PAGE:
Subject: Re: Fix for PR#23300 (cpp and -Wtraditional)
To: Christos Zoulas <email@example.com>
From: James Chacon <jmc@NetBSD.org>
Date: 12/15/2003 17:02:37
On Mon, Dec 15, 2003 at 10:42:41PM +0000, Christos Zoulas wrote:
> In article <20031215221417.GA17970@netbsd.org>,
> James Chacon <firstname.lastname@example.org> wrote:
> >I tend to agree with the logic in the PR as #error was used before C89 as
> >a way to stop the pre-processor even though it wasn't a valid token. Doing
> >what gcc suggests gives you the opposite behavior which probably isn't
> >expected. Therefore #error should probably be excluded from this warning.
> >Anyone have a problem with the attached patch?
> Yes, this is a slippery slope. What are you planning to do with the #elif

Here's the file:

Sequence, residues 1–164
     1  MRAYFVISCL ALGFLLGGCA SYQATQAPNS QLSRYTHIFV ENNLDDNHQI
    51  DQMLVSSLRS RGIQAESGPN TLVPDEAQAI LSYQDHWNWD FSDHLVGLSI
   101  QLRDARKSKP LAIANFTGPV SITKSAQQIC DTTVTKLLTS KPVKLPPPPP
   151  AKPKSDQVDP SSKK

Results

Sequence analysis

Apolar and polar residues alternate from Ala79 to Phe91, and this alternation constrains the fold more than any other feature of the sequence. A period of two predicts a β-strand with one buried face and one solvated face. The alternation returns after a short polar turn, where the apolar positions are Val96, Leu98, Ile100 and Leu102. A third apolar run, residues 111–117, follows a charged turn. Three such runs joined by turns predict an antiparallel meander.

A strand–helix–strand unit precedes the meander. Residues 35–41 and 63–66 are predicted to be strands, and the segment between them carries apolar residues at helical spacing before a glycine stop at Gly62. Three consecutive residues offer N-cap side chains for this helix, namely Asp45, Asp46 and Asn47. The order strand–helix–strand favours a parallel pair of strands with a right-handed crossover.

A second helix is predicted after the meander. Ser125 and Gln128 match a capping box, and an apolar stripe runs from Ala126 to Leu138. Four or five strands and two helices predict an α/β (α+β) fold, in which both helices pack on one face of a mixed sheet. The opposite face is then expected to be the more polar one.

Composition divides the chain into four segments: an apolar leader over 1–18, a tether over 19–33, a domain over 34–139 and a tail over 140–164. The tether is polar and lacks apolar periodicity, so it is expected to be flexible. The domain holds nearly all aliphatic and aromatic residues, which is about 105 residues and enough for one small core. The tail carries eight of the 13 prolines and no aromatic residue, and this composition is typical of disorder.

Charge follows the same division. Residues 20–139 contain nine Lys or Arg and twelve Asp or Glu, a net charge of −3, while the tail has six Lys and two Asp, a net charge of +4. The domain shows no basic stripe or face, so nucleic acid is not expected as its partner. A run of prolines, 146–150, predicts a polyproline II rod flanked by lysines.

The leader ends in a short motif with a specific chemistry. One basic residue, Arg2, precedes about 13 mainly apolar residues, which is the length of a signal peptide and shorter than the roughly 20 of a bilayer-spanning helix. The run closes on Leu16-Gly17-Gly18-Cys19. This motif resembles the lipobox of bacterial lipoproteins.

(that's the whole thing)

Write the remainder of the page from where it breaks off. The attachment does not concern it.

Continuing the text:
> warning for example?
#error is a historical odditity though as to what's valid vs expected.
Traditional cpp implementations say "#error isn't a valid token so error out"
and that's exactly what people used it for. All standardizing did there was
make it part of the spec vs undefined localized behavior (which under the
implementations I've used error'd out as expected).
For the rest the warning should remain the same as #elif would (under
traditional auspices) error out. Therefore it needs the leading whitespace
to work/not error on traditional. Doing that to #error changes the behaviour
returned to the programmer by 180 degrees which is going to be highly
Granted this is no different than using #foobar as a way to error out but
#error is exactly what was used traditionally and then grew into C89.